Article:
RASS (Radio Acoustic Sounding System) addition to the SODAR PCS2000
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The RASS (Radio Acoustic Sounding System), used in addition to the SODAR PCS2000 instrumentation is a reliable and easy to use tool to get a quick information about the atmospheric temperature stratification. Especially in stable conditions the vertical stratification could have a significant influence on the observed ground concentrations of pollutants. The combined SODAR / RASS allows the detection of inversion heights and quantitative measurements of the inversion strength on the basis of the temperature gradients.

The RASS method uses the scattering of vertically emitted radio waves at vertically emitted acoustic waves to determine the vertical profile of the virtual temperature (in very good approximation). Please see further details below in RASS Measurement Principle

Technical Description

RASS Components

The RASS extension consists of two parabolic antennas, a receiver and a transmitter, plus the electronic RASS components consisting of signal source, power amplifier and receiver.

RASS Measurement Principle

To get the temperature profile in a height range comparable to the SODAR (several hundred meters) the RASS (‘Radio Acoustic Sounding System’) measuring principle uses the reflections of electromagnetic waves at refractivity fluctuations. These required refractivity fluctuations occur in the natural atmosphere. They are generated by its turbulent inhomogeneity but have very different intensities. For this reason the RASS uses artificial refractivity fluctuations generated by acoustic pulses from the vertical antenna of the SODAR system. This insures a reasonable intensity at a known distribution of wave numbers. RADAR frequency and acoustic frequency must meet the Bragg condition to guarantee a constructive interference. This means that the wavelength of the acoustic waves is half of the wavelength of the electromagnetic waves.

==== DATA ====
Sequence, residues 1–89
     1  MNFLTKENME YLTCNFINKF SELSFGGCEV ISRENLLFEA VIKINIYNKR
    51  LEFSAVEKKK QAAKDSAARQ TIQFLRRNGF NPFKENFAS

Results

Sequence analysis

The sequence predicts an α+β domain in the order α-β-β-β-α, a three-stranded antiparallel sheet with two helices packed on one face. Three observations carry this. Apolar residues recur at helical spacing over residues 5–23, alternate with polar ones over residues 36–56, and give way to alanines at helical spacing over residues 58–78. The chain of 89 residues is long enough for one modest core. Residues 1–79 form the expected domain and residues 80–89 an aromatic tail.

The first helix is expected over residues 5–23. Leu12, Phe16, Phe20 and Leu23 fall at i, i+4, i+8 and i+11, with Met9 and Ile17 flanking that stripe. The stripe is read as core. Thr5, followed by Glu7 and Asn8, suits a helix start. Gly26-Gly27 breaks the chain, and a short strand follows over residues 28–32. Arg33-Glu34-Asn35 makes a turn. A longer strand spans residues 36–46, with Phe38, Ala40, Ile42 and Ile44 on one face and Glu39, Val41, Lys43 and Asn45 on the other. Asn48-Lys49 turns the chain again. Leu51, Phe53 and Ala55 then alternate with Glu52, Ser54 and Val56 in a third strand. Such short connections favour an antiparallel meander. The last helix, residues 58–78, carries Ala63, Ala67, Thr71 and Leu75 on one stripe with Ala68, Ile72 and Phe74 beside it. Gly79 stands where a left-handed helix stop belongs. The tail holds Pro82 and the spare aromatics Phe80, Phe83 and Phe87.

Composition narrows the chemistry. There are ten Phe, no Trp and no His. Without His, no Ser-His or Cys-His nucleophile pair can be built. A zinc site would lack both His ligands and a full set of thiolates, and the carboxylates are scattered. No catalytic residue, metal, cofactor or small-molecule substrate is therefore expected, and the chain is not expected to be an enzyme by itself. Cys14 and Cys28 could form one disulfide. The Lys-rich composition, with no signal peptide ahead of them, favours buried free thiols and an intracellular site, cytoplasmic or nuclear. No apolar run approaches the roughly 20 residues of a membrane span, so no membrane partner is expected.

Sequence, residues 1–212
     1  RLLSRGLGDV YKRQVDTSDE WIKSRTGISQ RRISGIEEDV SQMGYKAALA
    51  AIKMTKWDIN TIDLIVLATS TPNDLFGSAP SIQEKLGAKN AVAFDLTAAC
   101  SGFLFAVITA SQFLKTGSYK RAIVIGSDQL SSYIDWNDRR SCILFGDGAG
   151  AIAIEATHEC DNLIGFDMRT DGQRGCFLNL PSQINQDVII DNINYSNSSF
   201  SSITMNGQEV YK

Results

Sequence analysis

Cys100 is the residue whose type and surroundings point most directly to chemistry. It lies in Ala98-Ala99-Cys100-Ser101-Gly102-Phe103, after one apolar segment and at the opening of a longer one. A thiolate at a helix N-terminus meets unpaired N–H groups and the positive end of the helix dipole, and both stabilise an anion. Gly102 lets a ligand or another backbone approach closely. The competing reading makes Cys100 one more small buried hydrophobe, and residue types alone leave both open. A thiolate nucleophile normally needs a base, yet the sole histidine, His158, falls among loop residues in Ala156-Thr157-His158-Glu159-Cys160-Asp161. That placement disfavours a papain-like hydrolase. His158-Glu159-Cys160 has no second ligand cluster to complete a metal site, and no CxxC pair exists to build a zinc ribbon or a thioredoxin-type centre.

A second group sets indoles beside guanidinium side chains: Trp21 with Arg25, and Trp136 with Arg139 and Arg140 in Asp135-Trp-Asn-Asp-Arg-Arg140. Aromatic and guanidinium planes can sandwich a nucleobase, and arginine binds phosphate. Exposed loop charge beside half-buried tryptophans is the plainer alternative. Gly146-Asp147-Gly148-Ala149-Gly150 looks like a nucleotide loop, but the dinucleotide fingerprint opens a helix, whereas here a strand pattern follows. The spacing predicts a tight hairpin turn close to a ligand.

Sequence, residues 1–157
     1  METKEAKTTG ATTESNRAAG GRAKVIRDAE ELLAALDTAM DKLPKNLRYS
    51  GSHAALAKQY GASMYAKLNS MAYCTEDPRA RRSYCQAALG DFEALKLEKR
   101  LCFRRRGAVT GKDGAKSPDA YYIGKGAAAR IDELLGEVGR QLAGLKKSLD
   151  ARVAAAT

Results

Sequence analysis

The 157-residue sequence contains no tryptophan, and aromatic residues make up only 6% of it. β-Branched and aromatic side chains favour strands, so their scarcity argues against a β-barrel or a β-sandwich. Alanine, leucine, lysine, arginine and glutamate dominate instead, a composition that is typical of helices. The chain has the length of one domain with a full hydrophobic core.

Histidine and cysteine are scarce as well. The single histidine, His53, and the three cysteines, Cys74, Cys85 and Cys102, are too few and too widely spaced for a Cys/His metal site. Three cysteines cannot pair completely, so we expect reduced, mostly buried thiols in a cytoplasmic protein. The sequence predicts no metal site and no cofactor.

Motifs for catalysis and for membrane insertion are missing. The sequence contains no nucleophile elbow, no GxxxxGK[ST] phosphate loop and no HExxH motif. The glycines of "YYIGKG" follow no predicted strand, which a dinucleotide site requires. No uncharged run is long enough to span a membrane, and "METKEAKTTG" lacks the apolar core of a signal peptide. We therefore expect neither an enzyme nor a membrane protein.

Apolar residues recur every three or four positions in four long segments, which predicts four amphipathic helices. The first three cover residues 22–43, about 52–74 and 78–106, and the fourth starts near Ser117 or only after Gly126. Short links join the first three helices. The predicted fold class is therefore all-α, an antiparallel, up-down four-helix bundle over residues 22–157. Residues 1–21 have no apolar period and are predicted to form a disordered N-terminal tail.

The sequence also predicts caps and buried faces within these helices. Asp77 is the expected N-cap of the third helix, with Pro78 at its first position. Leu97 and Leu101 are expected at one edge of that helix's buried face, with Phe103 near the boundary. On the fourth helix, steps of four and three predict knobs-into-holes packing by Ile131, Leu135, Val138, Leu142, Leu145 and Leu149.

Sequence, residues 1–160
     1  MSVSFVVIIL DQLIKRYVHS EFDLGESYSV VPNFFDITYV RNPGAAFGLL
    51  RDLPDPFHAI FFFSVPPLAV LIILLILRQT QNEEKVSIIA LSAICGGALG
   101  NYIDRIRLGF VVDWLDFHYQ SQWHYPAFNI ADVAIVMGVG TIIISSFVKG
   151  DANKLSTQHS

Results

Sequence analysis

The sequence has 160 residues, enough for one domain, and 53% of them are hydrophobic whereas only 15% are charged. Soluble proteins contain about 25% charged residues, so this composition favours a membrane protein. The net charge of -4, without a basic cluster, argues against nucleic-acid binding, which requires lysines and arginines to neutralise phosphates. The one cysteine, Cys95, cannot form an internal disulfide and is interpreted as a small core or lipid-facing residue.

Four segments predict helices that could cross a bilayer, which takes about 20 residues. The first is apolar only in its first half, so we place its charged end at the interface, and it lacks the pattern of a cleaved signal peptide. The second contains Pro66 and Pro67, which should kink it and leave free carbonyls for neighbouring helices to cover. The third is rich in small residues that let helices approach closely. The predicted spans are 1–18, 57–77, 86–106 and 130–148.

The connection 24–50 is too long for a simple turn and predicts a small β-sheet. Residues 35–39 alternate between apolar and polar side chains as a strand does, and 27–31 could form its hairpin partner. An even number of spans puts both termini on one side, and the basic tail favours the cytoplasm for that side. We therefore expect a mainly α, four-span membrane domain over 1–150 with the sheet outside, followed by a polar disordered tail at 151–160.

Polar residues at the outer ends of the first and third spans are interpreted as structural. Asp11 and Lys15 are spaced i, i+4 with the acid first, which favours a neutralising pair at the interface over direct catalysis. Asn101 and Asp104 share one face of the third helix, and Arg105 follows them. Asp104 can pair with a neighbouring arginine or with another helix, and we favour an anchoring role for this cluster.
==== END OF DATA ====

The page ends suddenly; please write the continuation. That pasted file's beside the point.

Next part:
Because the acoustic frequency may vary strongly with the time and the height, which is caused by influence of temperature, the RASS does not use only one single acoustic frequency but a signal covering a specific bandwidth. The mean frequency of the transmitted acoustic signal is adjusted to the measured ground temperature. For an electromagnetic frequency of 1274 MHz (ëe = 0.23 m) this corresponds to an acoustic wavelength of ëa = 0.115 m resulting in a typical mean frequency of 2900 Hz (depending on temperature). Similar to the measuring principle of the SODAR the reflected RADAR waves will show a frequency shift in comparison with the transmitted waves, which is a measure of the sound velocity. The air temperatures in the different heights can be derived from the sound velocities which must be corrected for the vertical wind measured by the SODAR. The analysing of the received signal is done by the same algorithms as described above for the SODAR.

The electromagnetic transmitter is running in CW2-mode. The used bandwidth is very small therefore and only limited by the frequency stability of the oscillator. Due to the CW-mode the RASS uses separate vertical aligned electromagnetic antennas for transmitting and receiving.

The effects of wind on the acoustic waves of the RASS extension